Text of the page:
Srebrenica massacre: ‘We must know what happened’

Comment on the photo, Sabrija Hajdarevic is one of thousands of Bosnians whose loved ones were killed in 1995.

  • author, Natasha Andjelkovic
  • Role, BBC News Serbian
  • Report from Srebrenica

Every July, Sabarija Hajdarevic returns to Srebrenica to visit the graves of her husband and father.

They were among an estimated 8,000 Bosnian Muslim men and boys killed in 1995 by Serb forces.

The 67-year-old now lives thousands of miles away in Australia, but the annual trip means a lot to her.

This year is even more painful, as for the first time, July 11 will be celebrated as an International Day of Reflection and Celebration, based on a resolution passed by the United Nations General Assembly in May.

The Srebrenica massacre, recognized by the United Nations as a genocide, was the horrific climax of the war in Bosnia – a conflict that erupted after the breakup of Yugoslavia in the early 1990s.

In Bosnia, one of the emerging states after the breakup, there were three communities in conflict – on the one hand, the Bosnian Serbs, supported by Serbia, and on the other, the Bosniaks and Croats.

Comment on the photo, In May, the United Nations General Assembly voted to designate July 11 as the International Day of Remembrance for the Victims.

Srebrenica was home to about 40,000 Bosnian Muslims, many of whom had fled ethnic cleansing by Bosnian Serbs during the 1992-95 war.

But in July 1995, Bosnian Serb forces—led by military commander Ratko Mladic—stormed the town, crushing peacekeepers who had failed to protect civilians who had taken refuge there.

The Serb forces arrested the men and boys of the town, and most of them were never seen alive again.

They were killed in large numbers or shot as they tried to escape through the wooded hills surrounding Srebrenica.

Image source, Image by FEHIM DEMIR/EPA-EFE/REX/Shutterstock

Comment on the photo, About 8,000 Muslim men and boys were killed by Serbian forces.

The September 11 massacre of some 8,000 men and boys is the worst mass killing in Europe since World War II. Some 1,000 people are still missing.

Ratko Mladic was later sentenced to life in prison for war crimes, including genocide, and nearly 50 Bosnian Serbs were also convicted.

The recent UN resolution, which declared July 11 an International Day of Reflection and Commemoration of the Srebrenica Genocide, also condemned any denial of the massacre and glorification of war criminals.

But most Bosnian Serbs, as well as many people in Serbia, have repeatedly denied that what happened in Srebrenica in 1995 constituted genocide.

Sabria responds to claims that Srebrenica killings were not targeted.

“We need to know what happened, instead of all these lies being spread,” she says. “My soul hurts.”

Some Bosnian families have been waiting for decades to bury their loved ones, as the identification process is long and difficult.

Her father’s remains have yet to be found, although she knows he was killed near their home in Srebrenica where her mother witnessed the killing.

Six months after her father was killed, her mother also died – “of grief,” says Sabreja, trying to hold back tears.

Many victims of the Srebrenica massacre are buried in the nearby Potocari cemetery. Thousands of simple white gravestones stand in a field on a hillside, surrounded by forest.

Comment on the photo, Birga Dilek lost her husband and his remains were not recovered until 2005.

Birja Delić also lost her husband in the massacre. His remains were not found until a decade later, and he was buried in 2010.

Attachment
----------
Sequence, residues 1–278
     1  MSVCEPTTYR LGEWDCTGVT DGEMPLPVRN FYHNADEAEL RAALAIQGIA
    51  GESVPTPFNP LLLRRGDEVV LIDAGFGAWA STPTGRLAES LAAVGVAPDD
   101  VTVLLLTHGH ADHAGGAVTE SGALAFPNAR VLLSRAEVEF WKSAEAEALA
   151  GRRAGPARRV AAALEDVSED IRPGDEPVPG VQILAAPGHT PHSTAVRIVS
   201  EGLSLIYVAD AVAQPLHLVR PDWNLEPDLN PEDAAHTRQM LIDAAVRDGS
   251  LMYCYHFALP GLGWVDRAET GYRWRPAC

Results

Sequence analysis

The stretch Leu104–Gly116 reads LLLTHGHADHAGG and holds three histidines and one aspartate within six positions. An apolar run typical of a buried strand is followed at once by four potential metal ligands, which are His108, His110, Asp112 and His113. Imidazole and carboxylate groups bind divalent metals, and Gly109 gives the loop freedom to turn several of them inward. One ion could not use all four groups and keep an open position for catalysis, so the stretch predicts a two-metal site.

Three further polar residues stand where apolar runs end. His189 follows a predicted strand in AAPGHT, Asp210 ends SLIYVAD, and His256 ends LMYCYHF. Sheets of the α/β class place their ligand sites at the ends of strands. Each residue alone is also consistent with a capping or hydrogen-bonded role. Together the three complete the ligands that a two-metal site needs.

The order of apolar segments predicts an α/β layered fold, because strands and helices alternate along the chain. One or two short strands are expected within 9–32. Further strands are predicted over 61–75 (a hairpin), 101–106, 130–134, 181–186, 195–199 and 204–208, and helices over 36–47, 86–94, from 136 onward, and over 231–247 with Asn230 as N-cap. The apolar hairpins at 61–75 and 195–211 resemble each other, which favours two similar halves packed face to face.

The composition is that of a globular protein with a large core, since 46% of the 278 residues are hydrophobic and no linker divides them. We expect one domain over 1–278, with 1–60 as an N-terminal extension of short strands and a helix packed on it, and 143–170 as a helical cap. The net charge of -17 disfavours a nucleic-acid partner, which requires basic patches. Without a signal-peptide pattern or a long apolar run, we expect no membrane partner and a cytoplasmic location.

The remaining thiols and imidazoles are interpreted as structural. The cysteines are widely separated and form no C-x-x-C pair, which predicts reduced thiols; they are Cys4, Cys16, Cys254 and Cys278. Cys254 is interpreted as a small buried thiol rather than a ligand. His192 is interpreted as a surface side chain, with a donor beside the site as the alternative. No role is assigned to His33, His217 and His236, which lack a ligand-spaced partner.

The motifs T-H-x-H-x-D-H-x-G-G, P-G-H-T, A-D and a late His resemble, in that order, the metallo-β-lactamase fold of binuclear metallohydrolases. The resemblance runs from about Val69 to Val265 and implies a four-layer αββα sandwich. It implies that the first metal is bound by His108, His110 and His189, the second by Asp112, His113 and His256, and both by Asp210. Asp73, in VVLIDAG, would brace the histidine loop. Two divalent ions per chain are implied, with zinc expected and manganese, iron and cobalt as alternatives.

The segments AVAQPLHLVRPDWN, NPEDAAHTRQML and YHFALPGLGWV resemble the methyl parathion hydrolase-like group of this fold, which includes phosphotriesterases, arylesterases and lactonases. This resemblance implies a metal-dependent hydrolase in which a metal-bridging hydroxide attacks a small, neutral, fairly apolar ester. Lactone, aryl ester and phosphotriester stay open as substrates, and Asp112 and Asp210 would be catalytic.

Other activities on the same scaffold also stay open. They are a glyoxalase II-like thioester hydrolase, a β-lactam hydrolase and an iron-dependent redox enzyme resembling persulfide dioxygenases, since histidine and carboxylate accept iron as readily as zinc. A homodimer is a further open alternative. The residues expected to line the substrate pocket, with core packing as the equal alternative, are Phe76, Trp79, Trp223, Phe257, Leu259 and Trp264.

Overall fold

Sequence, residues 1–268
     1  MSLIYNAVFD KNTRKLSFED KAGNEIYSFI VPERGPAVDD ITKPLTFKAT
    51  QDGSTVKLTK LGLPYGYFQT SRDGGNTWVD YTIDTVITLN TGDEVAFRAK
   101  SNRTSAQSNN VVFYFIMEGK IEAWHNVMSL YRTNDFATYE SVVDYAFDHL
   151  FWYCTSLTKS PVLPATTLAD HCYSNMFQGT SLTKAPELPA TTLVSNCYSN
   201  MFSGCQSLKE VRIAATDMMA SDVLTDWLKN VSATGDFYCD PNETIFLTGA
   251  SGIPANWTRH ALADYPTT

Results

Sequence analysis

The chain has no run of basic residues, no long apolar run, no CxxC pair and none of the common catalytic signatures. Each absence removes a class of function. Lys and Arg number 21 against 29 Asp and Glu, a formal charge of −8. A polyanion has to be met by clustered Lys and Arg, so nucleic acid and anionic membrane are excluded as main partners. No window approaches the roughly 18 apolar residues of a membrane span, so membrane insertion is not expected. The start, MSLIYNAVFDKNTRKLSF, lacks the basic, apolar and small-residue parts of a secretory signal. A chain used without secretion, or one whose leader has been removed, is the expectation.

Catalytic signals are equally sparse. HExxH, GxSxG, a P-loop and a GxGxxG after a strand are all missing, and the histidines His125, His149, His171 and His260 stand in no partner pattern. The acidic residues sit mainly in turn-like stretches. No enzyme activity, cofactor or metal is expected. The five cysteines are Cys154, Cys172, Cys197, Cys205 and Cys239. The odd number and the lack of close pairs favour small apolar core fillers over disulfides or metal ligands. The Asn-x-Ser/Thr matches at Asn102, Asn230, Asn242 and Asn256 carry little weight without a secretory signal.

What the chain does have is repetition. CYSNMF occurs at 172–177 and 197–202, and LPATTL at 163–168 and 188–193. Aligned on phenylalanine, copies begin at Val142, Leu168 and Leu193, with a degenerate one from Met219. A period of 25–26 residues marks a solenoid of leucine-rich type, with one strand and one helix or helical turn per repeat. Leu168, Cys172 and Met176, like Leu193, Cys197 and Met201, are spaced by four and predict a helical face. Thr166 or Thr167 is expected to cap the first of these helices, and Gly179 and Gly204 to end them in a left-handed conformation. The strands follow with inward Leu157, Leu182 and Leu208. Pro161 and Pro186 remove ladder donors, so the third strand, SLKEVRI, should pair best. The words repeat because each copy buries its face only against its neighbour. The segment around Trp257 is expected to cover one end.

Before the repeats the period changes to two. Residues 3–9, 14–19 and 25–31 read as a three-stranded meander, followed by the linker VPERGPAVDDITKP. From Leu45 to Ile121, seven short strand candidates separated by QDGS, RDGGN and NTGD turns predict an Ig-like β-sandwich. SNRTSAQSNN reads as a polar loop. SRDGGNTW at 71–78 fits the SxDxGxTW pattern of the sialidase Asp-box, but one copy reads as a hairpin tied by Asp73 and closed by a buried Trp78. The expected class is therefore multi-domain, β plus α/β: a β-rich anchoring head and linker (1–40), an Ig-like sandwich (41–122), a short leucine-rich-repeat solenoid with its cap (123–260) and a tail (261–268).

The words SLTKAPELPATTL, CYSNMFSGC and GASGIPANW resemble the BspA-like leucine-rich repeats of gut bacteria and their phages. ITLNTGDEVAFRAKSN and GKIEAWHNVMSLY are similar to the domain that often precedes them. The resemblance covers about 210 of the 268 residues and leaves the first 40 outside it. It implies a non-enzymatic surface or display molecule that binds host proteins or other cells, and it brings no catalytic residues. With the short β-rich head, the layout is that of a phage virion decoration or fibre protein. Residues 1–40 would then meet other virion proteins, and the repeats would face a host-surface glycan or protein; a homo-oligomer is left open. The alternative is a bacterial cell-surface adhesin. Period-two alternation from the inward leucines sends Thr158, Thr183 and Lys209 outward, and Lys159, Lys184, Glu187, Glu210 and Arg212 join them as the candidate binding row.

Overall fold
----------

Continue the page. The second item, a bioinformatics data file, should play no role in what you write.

Last year, Perija decided to return to Srebrenica from Malta, where she had taken refuge after the war.

Her Muslim son married an Orthodox Serbian woman who says she “loves my baklava,” referring to the delicious dessert she cooks.

Before the 1990s war, Srebrenica was a town populated mostly by Bosnian Muslims.

Now the majority of the population is Serb, and some of the population were soldiers during the conflict.

“Even now you see someone walking around town, and you know he’s killed [Bosniaks] “But you remain silent, you can’t deal with this,” says Perega.

After the war, Bosnia was divided into two entities – Republika Srpska and Bosnia and Herzegovina. Srebrenica is located in Republika Srpska.

“There are no problems between Serbs and Bosniaks here, but the tensions come from people from outside,” says Slavisa Petrovic, a 37-year-old Serb who runs the local tourism office.

But he says the city needs jobs to encourage people to stay.

Slavisa adds that the recent UN resolution on the massacre has changed nothing.

“People are leaving Srebrenica now as they did before” [the adoption of the resolution]”There are no jobs, there were never any.”

There are signs of the city’s decline. A popular spa and luxury hotel, abandoned for decades, are closed. Their walls are covered in graffiti.

Comment on the photo, Slavisa Petrovic runs the local tourist office.

The roads leading to the surrounding villages, where farmers with healthy livestock once lived, are now overgrown with weeds.

Many local homes are still in ruins. A mosque and a Christian Orthodox church stand on a hillside overlooking the town, their war wounds still intact.

Serb and Bosnian children go to local kindergartens and schools together, and photos of the new generation are proudly displayed in a public place in the city centre.

But these young people are likely to leave soon for good.

Slavisa feels sad that locals are still leaving the town. “It feels like they are leaving my home,” he says.

Comment on the photo, Srebrenica looks like a city in decline.

Only three of his classmates still live in Srebrenica, the rest have moved elsewhere.

However, he is determined to stay.

But he also admits that his four-year-old daughter is unlikely to feel the same way when she grows up.

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